OpenStreetMap editing is typically centered around tracing, meaning digitizing features on top of satellite imagery to extract things like roads, buildings, landuse areas, coastlines, and other visible features. The data made available by providers like Bing for OSM tracing is fantastic for creating the basic foundational elements.
But maps need higher-fidelity data to be useful for navigation, addressing, and finding places of interest. OSM’s value is in its diversity of contributors from around the globe, and those individuals’ ability to field survey their environment to provide that local context for quality map data. Over the years people have used mobile apps to edit with smartphones, photo mapping using geotagged photos, and the old reliable pen and paper method.
Fulcrum’s SpatialVideo adds another tool to the field surveying toolbox for the collection of OSM reference data. Video mapping isn’t a new concept in the world of OSM, but the tools available make it challenging to build a good workflow for analysis and mapping after you collect video. There are cameras that can record video with GPS tracks, but there aren’t many smartphone methods for recording GPS-based video.
To get started collecting video, you can use any Fulcrum app with a video field. We’ve published a quick template to get you started (it even has a status field to help track whether you’ve mapped the video’s contents in OpenStreetMap).
Collecting is as easy as recording video clips inside of your “OpenStreetVideo” survey app, and syncing them up for later viewing or editing. I’ve recorded a sample video below that I’ll use in this example from downtown St. Petersburg. In the clip, I was driving and recording video with a Nexus 5 device, using a K2 windshield mount for steady and safe capture.
Once you have some video collected and uploaded, browse to your video clip in Fulcrum’s web-based map or table view and select the thumbnail icon to show the full video player. This will display your video with a map alongside, showing the track in sync as you move through the clip. You can scrub through the video to fast forward, or click at different locations along the track, and the two will stay together. Within Fulcrum’s video player, you can download several different formats of the video’s track data. For OSM, the GPX format is supported in every editor.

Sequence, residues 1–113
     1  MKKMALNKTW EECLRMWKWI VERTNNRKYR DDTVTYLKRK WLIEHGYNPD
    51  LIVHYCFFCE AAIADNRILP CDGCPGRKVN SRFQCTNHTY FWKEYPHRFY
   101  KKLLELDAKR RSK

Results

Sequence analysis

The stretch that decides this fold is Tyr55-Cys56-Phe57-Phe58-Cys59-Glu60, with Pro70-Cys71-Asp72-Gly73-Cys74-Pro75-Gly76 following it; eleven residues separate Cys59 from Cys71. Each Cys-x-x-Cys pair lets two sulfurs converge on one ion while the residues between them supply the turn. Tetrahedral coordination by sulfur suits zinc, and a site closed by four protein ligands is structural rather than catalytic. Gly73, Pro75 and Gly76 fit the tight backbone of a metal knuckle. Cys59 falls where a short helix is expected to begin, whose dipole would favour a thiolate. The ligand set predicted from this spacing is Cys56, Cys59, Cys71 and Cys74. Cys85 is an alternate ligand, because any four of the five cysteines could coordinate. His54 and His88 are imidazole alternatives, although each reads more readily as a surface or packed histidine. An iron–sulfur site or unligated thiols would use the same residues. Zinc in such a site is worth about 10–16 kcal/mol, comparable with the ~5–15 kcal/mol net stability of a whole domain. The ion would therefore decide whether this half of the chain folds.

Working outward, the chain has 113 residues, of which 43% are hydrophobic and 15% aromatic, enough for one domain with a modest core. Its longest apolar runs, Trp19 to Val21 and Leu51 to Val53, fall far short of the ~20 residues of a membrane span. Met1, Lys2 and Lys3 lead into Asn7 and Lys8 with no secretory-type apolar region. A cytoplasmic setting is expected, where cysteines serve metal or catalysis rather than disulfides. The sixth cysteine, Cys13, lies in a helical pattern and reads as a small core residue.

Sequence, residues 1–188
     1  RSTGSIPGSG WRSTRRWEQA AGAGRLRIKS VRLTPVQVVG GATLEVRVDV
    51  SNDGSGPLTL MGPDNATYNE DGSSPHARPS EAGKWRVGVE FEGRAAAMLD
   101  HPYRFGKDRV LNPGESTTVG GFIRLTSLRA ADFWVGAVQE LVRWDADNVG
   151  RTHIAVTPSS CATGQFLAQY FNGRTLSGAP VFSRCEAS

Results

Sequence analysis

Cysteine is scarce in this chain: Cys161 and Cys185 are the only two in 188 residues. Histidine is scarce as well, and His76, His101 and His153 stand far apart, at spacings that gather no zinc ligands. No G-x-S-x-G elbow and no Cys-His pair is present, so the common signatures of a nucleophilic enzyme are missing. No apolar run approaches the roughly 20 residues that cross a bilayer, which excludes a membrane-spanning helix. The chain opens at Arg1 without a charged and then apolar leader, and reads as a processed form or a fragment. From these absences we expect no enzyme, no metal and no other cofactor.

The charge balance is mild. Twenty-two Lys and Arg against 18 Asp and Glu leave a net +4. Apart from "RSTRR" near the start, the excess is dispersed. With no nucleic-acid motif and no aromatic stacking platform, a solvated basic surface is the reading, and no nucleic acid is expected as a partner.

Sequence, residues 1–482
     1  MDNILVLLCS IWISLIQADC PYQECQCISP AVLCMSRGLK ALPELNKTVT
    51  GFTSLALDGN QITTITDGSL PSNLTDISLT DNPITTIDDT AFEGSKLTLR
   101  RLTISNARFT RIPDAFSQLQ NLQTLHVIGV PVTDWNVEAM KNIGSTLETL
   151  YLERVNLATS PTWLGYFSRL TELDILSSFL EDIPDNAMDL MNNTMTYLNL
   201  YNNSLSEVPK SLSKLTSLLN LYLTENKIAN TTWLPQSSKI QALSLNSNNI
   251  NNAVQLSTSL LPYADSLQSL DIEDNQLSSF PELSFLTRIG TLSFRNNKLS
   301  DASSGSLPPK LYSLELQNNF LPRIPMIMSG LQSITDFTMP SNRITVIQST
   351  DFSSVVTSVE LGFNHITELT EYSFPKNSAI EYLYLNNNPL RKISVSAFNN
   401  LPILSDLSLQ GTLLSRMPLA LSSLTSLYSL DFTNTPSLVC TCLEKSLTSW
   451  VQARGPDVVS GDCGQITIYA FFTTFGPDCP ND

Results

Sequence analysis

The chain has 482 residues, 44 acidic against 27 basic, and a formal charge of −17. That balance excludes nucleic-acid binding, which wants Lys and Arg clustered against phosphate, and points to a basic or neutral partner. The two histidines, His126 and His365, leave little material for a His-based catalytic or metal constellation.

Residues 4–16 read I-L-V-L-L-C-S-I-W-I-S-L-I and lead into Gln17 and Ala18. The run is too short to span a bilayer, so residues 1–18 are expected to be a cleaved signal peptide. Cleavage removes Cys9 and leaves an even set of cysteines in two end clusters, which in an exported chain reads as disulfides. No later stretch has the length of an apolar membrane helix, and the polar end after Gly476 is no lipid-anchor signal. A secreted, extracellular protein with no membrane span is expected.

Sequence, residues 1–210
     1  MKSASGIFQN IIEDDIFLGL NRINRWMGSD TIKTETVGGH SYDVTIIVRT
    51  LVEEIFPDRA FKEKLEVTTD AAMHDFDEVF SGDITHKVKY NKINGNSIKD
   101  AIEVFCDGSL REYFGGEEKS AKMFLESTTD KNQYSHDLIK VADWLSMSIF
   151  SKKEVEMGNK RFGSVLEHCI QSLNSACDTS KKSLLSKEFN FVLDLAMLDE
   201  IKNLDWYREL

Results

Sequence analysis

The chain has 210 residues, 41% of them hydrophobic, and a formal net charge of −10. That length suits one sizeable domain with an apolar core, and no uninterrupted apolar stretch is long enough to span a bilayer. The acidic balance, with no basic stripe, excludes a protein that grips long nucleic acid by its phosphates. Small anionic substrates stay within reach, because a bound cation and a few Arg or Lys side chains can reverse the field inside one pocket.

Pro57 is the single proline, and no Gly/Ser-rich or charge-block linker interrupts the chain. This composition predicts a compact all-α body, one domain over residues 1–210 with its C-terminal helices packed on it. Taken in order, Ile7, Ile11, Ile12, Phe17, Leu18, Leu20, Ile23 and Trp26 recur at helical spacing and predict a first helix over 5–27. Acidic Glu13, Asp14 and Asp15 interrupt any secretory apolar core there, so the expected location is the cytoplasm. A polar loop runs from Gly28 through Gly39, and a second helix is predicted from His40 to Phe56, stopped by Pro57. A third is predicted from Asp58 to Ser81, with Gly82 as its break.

Using the Editors
iD is the native editor built into the the OSM website. If you drag and drop a GPX track file into the browser, you’ll see the track overlay inside the editor interface. Now as you play back video in Fulcrum and see features you want to add to the map, you can switch over to iD and drop points of interest, or add attributes to existing features. In my usage so far collecting video, it’s a great method for adding business locations, bus stops, street furniture, road speed limit info, bike lanes, and more.
JOSM is the power tool of OSM editors. It’s a desktop application and allows for significant customization. Like iD, you can drag and drop your GPX track file into the JOSM workspace, and it’ll overlay the line on the map for you to trace on top of, or to reference for video mapping.
Here’s a quick video walkthrough of mapping using video and JOSM:
Tips and tricks
A few additional tips and tricks for working with video recording:
- Changing framerate – Fulcrum for iOS supports tweaking the framerate of the video recording.
- Uploading your tracks to the global repository – OSM has a public database of GPS traces that anyone can use for mapping purposes. You can upload your GPX files here.
- mapmote – Tom MacWright’s mapmote tool is a Chrome browser extension for quickly opening JOSM to edit OSM. It detects the bounds of slippy maps in your browser to get you to the location quickly for data editing.